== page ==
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As the Jan. 6 Committee hearings progress, one thing has become painfully clear: many Donald Trump staff members think he should never again be within 10 miles of the White House.

Indeed, the remarkable thing about the Jan. 6 Committee is that, despite being controlled by Democrats, the hearings have largely been narrated by a Republican, Rep.

Liz Cheney, with the most damning testimony being provided by people who worked for Trump himself. “For Republicans who are following these hearings, the call is coming from inside the house,” writes FiveThirtyEight’s Kaleigh Rogers.

    The latest (and, so far, greatest) call from inside the house has come from Cassidy Hutchinson, a former special assistant to then-White House Chief of Staff Mark Meadows who started out interning at the Trump White House. But other witnesses have ranged from former Trump officials to respected conservative Republicans.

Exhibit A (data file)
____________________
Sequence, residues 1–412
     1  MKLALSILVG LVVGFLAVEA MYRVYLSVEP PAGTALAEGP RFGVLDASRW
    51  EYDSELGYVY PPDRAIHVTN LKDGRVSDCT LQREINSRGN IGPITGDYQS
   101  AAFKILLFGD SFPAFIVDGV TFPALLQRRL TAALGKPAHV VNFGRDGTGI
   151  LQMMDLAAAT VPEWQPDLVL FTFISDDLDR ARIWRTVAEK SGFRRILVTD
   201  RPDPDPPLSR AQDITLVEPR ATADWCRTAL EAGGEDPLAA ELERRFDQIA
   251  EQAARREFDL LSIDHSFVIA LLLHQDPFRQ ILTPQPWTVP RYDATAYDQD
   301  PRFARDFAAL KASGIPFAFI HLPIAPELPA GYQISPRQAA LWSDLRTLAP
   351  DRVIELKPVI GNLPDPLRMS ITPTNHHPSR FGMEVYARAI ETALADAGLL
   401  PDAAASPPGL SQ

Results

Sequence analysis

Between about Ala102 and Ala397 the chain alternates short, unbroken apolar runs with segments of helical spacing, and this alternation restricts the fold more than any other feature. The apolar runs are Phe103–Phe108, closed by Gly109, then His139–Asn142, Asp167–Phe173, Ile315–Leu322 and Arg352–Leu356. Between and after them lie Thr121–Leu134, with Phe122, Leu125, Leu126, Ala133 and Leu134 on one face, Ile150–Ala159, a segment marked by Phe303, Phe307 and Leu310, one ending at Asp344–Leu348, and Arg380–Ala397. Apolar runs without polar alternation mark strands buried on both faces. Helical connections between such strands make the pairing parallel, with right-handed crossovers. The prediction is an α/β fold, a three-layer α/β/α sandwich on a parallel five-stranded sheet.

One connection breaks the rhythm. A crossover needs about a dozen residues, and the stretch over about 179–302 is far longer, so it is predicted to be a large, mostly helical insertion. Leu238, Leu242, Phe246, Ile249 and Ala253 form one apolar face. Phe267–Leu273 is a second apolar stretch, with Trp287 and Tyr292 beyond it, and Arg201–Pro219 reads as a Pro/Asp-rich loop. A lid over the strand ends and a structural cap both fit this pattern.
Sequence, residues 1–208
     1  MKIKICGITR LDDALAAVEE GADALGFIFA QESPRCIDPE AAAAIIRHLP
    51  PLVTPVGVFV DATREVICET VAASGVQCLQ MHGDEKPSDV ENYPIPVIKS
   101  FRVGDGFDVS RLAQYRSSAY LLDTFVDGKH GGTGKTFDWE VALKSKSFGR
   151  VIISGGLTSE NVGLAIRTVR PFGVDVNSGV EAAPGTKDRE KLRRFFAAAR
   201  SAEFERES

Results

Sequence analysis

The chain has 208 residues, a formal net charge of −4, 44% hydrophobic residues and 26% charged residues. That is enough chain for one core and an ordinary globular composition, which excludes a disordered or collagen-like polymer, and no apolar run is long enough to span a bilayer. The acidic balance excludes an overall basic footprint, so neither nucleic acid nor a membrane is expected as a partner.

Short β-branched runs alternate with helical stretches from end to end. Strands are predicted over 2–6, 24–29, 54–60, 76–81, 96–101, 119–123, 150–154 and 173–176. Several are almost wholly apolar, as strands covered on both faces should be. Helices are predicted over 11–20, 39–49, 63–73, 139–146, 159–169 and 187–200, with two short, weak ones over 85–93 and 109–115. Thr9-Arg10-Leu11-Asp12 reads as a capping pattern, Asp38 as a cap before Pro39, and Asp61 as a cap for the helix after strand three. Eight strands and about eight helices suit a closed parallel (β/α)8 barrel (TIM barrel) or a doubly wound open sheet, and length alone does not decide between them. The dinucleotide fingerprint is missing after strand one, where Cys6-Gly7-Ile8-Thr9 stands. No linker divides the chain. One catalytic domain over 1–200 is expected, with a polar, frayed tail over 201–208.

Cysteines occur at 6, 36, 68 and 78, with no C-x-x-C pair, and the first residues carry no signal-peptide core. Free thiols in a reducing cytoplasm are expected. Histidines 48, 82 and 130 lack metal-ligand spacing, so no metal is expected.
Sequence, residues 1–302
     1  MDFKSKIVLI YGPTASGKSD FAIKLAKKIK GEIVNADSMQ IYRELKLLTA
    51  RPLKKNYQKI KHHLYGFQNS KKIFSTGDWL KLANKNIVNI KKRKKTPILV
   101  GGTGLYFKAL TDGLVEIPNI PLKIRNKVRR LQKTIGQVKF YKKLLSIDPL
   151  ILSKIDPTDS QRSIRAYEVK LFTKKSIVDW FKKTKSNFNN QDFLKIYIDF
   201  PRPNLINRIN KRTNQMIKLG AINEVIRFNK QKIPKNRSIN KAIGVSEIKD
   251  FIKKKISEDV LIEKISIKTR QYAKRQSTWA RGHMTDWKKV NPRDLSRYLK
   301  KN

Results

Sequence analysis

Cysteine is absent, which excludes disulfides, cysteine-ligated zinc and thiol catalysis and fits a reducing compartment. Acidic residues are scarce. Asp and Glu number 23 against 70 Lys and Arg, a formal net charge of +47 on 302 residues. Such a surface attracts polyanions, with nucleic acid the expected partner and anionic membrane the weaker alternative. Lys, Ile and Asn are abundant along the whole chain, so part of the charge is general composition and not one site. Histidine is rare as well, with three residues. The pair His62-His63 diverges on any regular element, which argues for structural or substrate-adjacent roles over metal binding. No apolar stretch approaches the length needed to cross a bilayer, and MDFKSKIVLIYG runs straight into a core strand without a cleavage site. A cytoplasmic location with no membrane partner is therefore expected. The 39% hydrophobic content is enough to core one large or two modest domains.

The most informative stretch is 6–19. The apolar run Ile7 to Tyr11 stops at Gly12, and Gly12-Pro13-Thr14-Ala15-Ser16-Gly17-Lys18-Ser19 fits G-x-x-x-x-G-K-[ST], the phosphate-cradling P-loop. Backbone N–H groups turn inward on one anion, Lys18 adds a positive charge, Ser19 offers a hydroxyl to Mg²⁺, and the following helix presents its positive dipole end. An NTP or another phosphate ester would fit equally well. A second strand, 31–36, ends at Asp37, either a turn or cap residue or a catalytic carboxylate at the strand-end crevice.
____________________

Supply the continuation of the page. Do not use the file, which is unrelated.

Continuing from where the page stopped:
The list includes veteran GOP election attorney Ben Ginsberg, former White House lawyer Eric Herschmann, former Fox News politics editor Chris Stirewalt, conservative former federal judge J. Michael Luttig, Republican officials like Georgia Secretary of State Brad Raffensperger and Georgia elections official Gabriel Sterling, and Trump 2020 campaign chief Bill Stepien (he had to cancel his appearance, but the committee played some of his recorded testimony). Likewise, recorded testimony from Ivanka Trump and former Attorney General Bill Barr has also been played.

    And on Thursday, the committee subpoenaed Trump’s White House Counsel Pat Cipollone.

    Of course, the list of staffers and advisors who have turned on Trump has been growing for years, ranging from loyalists (like Michael Cohen, Omarosa, and former press secretary Stephanie Grisham) to mainstream establishment figures brought in to make the operation more professional (like Barr, Gen. James Mattis, and former National Security Advisor John Bolton) and many staffers in between (like Olivia Troye, Miles Taylor, and Alyssa Farrah).

    “The public is watching bonafide Republicans ask bonafide Republicans who worked for Trump to describe just how erratic and criminal his presidency was.”

    I don’t think there has ever been a past president who has engendered such little loyalty from his inner circle (yes, I’m counting Richard Nixon). But never mind presidents. How many people have you worked with who think you’re unfit and unstable?

    I’m guessing that number does not even approach Trump’s.

    The good news, for those of us who can’t fathom another four years of Trump, is that so far—thanks to the way they’ve been conducted—this seems to be slowly making a dent.